essentials of geology, 9e crustal deformation and mountain building chapter 17
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Essentials of Geology, 9eCrustal Deformation and Mountain BuildingChapter 17
DeformationDeformation is a general term that refers to all changes in the original form and/or size of a rock bodyMost crustal deformation occurs along plate margins Factors that influence the strength of a rockTemperature and confining pressure Rock type Time
Folds Rocks bent into a series of wavesMost folds result from compressional forces which shorten and thicken the crust Types of folds Anticline upfolded, or arched, rock layers Syncline downfolded rock layers
Folds Types of folds Anticlines and synclines can be Symmetrical - limbs are mirror images Asymmetrical - limbs are not mirror images Overturned - one limb is tilted beyond the vertical Where folds die out they are said to be plunging
A series of anticlines and synclinesFigure 17.3
Plunging foldsFigure 17.4 A
Outcrop patterns of plunging foldsFigure 17.4 B
Folds Types of folds Other types of foldsDomeCircular, or slightly elongated Upwarped displacement of rocks Oldest rocks in core Basin Circular, or slightly elongated Downwarped displacement of rocks Youngest rocks in core
The Black Hills of South Dakota are a large domeFigure 17.6
The bedrock geology of the Michigan BasinFigure 17.7
Faults Faults are fractures (breaks) in rocks along which appreciable displacement has taken placeTypes of faults Dip-slip fault Movement along the inclination (dip) of fault plane Parts of a dip-slip fault Hanging wall the rock above the fault surface Footwall the rock below the fault surface
Concept of hanging wall and footwall along a faultCopyright 2006 Pearson Prentice Hall, Inc.
Faults Types of faults Dip-slip fault Types of dip-slip faultsNormal faultHanging wall block moves down Associated with fault-block mountains Prevalent at spreading centers Caused by tensional forces
A normal fault Figure 17.9 A
Fault block mountains produced by normal faultingFigure 17.10 bottom
Faults Types of faults Dip-slip fault Types of dip-slip faultsReverse and thrust faults Hanging wall block moves upCaused by strong compressional stresses Reverse fault - dips greater than 45 Thrust fault - dips less than 45
A reverse faultFigure 17.9 B
A thrust fault Figure 17.9 C
Faults Types of faults Strike-slip faults Dominant displacement is horizontal and parallel to the trend, or strikeTransform faultLarge strike-slip fault that cuts through the lithosphere Often associated with plate boundaries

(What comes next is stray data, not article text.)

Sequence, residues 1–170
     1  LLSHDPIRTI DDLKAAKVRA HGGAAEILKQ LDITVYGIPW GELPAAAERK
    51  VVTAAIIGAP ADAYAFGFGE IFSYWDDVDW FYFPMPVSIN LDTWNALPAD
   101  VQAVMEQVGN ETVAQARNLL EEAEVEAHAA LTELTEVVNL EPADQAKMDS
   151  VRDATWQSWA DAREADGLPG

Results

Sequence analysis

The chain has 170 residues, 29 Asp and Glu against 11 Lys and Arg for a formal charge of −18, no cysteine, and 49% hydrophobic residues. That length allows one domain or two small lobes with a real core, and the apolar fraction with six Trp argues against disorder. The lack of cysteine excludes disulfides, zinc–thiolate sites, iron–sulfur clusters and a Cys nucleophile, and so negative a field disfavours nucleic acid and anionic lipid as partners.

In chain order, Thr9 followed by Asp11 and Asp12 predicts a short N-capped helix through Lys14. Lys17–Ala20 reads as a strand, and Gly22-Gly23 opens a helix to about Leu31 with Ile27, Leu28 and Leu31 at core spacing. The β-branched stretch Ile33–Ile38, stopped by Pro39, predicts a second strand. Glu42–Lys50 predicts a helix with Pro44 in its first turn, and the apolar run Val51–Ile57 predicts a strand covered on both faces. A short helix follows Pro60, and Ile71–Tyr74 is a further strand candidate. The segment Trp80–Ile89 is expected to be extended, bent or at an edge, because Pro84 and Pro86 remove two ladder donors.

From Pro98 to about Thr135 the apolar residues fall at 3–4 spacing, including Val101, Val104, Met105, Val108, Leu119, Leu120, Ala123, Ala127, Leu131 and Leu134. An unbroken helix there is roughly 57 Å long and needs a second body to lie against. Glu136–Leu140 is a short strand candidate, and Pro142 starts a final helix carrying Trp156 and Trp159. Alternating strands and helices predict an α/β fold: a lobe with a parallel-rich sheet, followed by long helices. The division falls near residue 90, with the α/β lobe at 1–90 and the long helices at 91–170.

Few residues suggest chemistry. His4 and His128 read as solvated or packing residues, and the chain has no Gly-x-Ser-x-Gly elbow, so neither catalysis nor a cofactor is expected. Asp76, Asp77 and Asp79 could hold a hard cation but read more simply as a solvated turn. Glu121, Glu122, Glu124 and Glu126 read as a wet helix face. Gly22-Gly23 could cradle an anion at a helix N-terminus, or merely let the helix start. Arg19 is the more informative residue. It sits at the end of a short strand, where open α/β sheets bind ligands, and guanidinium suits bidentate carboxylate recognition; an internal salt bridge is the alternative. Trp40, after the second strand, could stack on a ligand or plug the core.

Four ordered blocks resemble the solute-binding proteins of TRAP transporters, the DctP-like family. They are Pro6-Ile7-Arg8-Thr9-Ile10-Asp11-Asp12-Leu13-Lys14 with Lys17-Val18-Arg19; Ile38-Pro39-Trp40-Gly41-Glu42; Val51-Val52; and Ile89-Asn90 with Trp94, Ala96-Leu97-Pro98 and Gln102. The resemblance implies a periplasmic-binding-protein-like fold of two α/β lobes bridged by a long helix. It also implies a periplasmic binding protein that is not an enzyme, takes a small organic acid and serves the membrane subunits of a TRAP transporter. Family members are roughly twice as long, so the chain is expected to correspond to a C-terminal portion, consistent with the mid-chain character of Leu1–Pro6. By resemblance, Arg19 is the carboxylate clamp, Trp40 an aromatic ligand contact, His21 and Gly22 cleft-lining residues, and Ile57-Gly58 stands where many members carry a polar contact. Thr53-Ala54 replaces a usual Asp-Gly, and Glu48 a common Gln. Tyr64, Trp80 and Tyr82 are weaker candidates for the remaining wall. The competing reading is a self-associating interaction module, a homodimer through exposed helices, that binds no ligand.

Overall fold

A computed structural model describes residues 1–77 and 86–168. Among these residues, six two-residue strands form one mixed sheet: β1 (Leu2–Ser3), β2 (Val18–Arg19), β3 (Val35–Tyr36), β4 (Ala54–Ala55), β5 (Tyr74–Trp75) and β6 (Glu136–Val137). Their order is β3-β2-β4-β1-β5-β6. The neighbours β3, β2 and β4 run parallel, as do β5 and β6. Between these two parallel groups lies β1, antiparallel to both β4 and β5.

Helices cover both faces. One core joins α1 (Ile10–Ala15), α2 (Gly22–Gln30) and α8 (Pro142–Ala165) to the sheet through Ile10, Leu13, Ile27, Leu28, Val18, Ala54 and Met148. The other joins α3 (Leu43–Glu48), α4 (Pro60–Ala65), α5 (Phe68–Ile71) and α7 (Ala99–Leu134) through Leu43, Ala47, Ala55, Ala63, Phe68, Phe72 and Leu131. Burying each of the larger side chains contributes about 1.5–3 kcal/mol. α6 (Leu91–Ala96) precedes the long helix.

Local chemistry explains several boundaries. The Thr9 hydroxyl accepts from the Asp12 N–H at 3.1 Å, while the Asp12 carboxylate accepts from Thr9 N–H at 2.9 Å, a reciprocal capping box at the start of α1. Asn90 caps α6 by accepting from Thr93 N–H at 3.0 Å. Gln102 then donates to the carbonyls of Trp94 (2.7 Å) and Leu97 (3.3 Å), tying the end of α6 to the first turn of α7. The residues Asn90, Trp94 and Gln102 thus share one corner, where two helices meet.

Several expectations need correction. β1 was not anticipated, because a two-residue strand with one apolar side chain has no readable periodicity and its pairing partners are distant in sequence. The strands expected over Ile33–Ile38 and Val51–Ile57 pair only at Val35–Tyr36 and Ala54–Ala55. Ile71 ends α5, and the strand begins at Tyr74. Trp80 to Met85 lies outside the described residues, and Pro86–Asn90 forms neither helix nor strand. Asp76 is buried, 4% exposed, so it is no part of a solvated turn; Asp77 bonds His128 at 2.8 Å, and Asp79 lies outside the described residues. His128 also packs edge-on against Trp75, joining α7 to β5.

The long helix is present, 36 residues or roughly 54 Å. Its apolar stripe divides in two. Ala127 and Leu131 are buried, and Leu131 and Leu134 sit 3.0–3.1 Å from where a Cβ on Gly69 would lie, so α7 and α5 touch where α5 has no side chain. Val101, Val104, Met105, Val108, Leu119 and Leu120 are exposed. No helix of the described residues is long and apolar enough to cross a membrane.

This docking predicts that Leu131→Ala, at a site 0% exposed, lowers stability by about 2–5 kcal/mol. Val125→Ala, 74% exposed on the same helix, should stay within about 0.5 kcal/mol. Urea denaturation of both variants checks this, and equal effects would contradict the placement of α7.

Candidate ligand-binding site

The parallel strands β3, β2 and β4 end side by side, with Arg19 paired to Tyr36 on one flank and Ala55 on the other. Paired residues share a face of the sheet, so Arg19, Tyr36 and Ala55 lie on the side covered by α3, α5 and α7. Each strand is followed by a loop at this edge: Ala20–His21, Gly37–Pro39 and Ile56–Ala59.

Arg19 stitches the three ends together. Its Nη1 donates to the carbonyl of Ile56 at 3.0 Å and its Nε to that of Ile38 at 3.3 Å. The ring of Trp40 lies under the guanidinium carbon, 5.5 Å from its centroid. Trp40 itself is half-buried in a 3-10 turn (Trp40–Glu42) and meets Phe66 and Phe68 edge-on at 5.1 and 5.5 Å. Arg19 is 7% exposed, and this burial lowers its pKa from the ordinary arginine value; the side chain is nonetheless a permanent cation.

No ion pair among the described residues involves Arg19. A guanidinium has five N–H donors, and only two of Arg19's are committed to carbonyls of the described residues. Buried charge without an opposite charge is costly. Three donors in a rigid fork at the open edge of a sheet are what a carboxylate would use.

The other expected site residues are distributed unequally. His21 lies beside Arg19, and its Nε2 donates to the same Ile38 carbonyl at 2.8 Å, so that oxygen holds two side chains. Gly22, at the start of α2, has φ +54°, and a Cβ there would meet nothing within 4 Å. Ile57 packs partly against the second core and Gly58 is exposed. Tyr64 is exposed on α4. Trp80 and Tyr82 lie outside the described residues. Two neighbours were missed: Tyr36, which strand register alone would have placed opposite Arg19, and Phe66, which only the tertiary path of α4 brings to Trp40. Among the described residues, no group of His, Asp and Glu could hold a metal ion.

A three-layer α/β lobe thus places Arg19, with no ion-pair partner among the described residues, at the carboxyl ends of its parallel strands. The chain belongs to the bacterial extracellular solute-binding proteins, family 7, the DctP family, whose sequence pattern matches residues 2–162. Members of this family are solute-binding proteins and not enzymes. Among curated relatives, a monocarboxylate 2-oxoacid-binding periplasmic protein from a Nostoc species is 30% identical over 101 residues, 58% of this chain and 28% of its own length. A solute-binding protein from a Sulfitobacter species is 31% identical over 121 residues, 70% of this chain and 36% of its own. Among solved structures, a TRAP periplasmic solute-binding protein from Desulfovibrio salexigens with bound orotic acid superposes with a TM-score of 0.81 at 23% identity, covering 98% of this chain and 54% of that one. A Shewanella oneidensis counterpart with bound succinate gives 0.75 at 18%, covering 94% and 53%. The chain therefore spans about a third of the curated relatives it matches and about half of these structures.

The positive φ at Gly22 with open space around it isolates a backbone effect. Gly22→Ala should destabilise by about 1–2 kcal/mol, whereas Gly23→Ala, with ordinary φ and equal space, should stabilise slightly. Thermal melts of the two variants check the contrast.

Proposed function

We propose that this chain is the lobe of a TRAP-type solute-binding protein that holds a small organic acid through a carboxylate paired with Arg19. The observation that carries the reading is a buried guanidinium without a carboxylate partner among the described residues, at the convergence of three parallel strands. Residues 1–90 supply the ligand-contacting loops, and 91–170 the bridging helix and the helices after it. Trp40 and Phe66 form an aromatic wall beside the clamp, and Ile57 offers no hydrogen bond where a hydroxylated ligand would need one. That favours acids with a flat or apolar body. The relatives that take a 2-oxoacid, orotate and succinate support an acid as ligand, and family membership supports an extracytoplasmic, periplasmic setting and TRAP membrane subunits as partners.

A strike-slip faultFigure 17.9 D
Faults Types of faults Joints Fractures along which no appreciable displacement has occurred Most are formed when rocks in the outer-most crust are deformed
Mountain belts Orogenesis refers to processes that collectively produce a mountain belt Mountain building at convergent boundaries Most mountain building occurs at convergent plate boundaries
Mountain belts Mountain building at convergent boundaries Andean-type mountain building Oceanic-continental crust convergence e.g. Andes Mountains Types related to the overriding plate Passive marginsPrior to the formation of a subduction zone e.g. East Coast of North America
Mountain belts Mountain building at convergent boundaries Andean-type mountain building Types related to the overriding plate Active continental margins Subduction zone forms Deformation process begins Continental volcanic arc forms Accretionary wedge forms Examples of inactive Andean-type orogenic belts include Sierra Nevada Range and California's Coast Ranges
Orogenesis along an Andean-type subduction zoneFigure 17.14 A
Orogenesis along an Andean-type subduction zoneFigure 17.14 B
Orogenesis along an Andean-type subduction zoneFigure 17.14 C
Mountain belts Mountain building at convergent boundaries Continental collisions Where two plates with continental crust converge e.g., India and Eurasian plate collision Himalayan Mountains and the Tibetan Plateau
Formation of the HimalayasFigure 17.18
Mountain belts Mountain building at convergent boundaries Continental accretionThird mechanism of mountain buildingSmall crustal fragments collide with and accrete to continental margins Accreted crustal blocks are called terranes Occurred along the Pacific Coast
Modern day oceanic plateaus and other submerged crustal fragmentsCopyright 2006 Pearson Prentice Hall, Inc.
Accreted terranes along the western margin of North AmericaFigure 17.17
Mountain belts Buoyancy and the principle of isostasy Evidence for crustal uplift includes wave-cut platforms high above sea level Reasons for crustal uplift Not so easy to determine IsostasyConcept of a floating crust in gravitational balance When weight is removed from the crust, crustal uplifting occurs Process is called isostatic adjustment
The principle of isostasyFigure 17.21
Erosion and resulting isostatic adjustment of the crustFigure 17.22 ACopyright 2006 Pearson Prentice Hall, Inc.
Erosion and resulting isostatic adjustment of the crustFigure 17.22 BCopyright 2006 Pearson Prentice Hall, Inc.
Erosion and resulting isostatic adjustment of the crustFigure 17.22 CCopyright 2006 Pearson Prentice Hall, Inc.
End of Chapter 17